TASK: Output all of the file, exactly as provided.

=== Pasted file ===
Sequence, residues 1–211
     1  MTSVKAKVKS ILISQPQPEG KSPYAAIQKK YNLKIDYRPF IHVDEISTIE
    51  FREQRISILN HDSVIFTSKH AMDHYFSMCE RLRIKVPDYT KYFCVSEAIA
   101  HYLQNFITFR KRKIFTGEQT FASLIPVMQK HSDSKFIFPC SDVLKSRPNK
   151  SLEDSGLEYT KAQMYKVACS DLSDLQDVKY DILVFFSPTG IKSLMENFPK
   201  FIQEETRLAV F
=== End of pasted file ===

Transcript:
Sequence, residues 1–211
     1  MTSVKAKVKS ILISQPQPEG KSPYAAIQKK YNLKIDYRPF IHVDEISTIE
    51  FREQRISILN HDSVIFTSKH AMDHYFSMCE RLRIKVPDYT KYFCVSEAIA
   101  HYLQNFITFR KRKIFTGEQT FASLIPVMQK HSDSKFIFPC SDVLKSRPNK
   151  SLEDSGLEYT KAQMYKVACS DLSDLQDVKY DILVFFSPTG IKSLMENFPK
   201  FIQEETRLAV F